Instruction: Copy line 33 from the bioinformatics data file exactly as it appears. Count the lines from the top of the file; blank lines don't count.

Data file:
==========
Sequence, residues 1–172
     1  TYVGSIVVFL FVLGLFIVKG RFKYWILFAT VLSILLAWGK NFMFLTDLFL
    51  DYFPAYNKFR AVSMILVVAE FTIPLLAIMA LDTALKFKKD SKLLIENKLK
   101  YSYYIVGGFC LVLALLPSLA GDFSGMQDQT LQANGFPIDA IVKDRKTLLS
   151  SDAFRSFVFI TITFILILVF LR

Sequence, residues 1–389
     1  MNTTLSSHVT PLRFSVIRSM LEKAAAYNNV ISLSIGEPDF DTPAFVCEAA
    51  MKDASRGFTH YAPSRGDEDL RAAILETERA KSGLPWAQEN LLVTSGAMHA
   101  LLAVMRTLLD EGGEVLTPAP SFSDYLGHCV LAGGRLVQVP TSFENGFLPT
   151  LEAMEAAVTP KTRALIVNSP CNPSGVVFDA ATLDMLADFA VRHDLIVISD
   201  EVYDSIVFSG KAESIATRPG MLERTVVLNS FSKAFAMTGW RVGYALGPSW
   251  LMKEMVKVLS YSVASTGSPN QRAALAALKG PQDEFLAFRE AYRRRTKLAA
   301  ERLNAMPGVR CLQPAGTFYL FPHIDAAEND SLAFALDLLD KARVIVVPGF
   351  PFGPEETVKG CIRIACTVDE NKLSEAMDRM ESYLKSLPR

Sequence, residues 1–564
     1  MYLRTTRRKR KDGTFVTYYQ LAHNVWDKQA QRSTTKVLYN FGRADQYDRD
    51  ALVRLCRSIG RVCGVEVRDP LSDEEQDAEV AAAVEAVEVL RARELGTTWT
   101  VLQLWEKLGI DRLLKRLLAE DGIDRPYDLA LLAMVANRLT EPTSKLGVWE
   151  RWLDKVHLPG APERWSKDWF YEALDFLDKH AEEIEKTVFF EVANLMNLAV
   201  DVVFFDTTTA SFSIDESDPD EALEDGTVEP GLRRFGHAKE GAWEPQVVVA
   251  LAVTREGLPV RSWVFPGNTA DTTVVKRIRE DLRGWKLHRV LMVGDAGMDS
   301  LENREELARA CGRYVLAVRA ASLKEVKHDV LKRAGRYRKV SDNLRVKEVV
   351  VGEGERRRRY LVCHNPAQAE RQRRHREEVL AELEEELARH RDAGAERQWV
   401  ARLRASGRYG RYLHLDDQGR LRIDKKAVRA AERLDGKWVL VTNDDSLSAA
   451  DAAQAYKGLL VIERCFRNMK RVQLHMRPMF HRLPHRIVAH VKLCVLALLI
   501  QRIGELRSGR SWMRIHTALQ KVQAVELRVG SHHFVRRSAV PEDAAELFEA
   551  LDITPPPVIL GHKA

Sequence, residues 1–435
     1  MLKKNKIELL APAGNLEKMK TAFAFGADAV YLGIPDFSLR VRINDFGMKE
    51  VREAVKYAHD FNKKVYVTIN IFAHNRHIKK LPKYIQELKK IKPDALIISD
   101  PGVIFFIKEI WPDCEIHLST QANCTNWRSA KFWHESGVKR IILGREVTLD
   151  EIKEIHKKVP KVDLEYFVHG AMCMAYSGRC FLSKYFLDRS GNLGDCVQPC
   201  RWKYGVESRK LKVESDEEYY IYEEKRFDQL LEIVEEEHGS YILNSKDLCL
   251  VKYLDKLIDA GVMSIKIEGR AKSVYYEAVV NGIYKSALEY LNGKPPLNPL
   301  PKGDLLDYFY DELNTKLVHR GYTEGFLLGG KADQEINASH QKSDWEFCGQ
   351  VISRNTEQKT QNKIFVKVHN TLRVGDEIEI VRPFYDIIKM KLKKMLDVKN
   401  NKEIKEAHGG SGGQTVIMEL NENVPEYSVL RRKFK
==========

   201  RWKYGVESRK LKVESDEEYY IYEEKRFDQL LEIVEEEHGS YILNSKDLCL